Project THEM – Project THEM (2013)

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A crack organization of musicians assembles with Project THEM, the self-titled release from a sextet featuring some of the biggest names in jazz.

The group features Bob Franceschini (tenor saxophone, flute), Mark Sherman (vibes), Mitchel Forman (piano, organ), Martin Gjakonovski (bass), Adam Nussbaum (drums), and Paolo di Sabatino (piano). The names alone offer a suggestion of what’s to come on the disc, which was recorded in Italy. The group formed mainly through the desires of Sherman and Franceschini to have a band. These youthful considerations took hold and were sculpted into Project THEM. The outfit toured Europe and ultimately elected to record some of the original tunes they’d been carving out.

The album affords the opportunity to listen to the band in assured harmony. “What magic to see the music grow night after night as the role playing becomes more and more comfortable each show,” says Sherman. “Our individual levels of negotiating the poetic language of jazz grew until the recording date and thankfully we caught this band for life on this CD.”

Project THEM opens with Sherman’s “Submissive Dominants,” a track that abounds with vibes and Forman’s sophisticated ivories. Franceschini teases out a main line with the tenor, skating along with Sherman in unison from time to time. The precision-playing eases long enough to afford space for a vibraphone solo, which shows off the hearty voice of one of the instrument’s finest modern players.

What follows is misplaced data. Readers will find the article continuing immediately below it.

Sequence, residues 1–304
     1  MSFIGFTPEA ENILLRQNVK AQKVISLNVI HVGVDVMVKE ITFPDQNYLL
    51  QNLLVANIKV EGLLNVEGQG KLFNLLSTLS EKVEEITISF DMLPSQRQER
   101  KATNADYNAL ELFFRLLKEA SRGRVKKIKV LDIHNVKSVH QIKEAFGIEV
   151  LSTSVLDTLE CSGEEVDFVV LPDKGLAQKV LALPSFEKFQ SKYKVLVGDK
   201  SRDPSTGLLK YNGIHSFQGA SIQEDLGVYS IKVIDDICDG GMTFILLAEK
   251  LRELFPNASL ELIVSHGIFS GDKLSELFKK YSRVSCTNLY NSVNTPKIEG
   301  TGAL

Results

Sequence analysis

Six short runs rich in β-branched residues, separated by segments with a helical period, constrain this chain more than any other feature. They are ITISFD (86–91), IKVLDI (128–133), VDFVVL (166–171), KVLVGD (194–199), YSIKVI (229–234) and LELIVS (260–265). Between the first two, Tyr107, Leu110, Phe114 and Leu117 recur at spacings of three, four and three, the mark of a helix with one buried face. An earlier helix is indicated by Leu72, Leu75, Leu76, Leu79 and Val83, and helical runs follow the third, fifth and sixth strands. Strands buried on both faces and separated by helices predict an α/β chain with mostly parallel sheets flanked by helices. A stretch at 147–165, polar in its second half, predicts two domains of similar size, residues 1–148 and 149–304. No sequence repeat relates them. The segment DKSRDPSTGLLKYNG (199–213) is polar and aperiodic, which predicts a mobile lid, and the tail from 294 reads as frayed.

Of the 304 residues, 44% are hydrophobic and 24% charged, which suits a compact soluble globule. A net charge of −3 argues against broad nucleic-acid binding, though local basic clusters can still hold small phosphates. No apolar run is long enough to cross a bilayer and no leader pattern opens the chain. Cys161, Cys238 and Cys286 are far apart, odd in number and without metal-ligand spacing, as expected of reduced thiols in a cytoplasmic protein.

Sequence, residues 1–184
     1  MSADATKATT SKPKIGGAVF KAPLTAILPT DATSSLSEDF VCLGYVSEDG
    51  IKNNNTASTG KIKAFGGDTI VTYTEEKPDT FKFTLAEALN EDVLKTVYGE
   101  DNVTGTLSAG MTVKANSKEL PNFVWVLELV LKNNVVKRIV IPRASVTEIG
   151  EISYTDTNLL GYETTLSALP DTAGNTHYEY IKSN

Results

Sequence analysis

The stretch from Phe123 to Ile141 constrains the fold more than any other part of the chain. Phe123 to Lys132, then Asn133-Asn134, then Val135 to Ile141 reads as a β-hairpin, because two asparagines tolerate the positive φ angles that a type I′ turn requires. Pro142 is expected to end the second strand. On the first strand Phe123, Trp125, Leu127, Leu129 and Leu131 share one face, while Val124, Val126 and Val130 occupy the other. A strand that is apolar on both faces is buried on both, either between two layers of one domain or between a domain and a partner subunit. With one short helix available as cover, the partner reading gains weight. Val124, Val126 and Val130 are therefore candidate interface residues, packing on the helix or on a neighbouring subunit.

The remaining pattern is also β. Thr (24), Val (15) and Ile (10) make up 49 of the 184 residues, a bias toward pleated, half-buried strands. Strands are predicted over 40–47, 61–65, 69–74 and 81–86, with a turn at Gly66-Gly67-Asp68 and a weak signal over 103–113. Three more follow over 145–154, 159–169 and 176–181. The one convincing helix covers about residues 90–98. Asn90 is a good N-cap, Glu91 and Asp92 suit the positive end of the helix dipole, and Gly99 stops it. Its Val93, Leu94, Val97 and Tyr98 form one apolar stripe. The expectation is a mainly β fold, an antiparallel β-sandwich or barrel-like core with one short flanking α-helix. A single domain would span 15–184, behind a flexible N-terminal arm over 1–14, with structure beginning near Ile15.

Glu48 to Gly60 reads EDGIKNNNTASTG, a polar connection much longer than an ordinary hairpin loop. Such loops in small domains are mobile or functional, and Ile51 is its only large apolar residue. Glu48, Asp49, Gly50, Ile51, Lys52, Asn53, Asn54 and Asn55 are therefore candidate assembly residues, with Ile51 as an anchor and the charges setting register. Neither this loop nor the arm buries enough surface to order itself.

Another Sherman composition, “Solitude,” takes on a more idyllic leaning. This piece plays with pads of ringing sound, as the vibraphonist and saxophonist take to soaring parallel lines. Gjakonovski’s bass pushes out in all the right places with slight counterweight. Speaking of Gjakonovski, his “The South Song” is a pleasure. Nussbaum carries a textured performance with cymbal splashes that give way to dense snare hits. Franceschini takes to the flute for this outing, while Sherman’s ever-present vibes provide extra shading.

Project THEM is truly a group experience, as each member of the organization has a hand in the record. From Sherman’s distinguished, assertive voice to di Sabatino’s compositional dexterity on “A Short Swing” and “Ma Bo’s Waltz,” this is a disc of many satisfying flavors and feels.

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Jordan Richardson

Jordan Richardson is a Canadian freelance writer and ne'er-do-well. He also contributes to his own Canadian Cinephile and Canadian Audiophile websites. Contact Something Else! Reviews at
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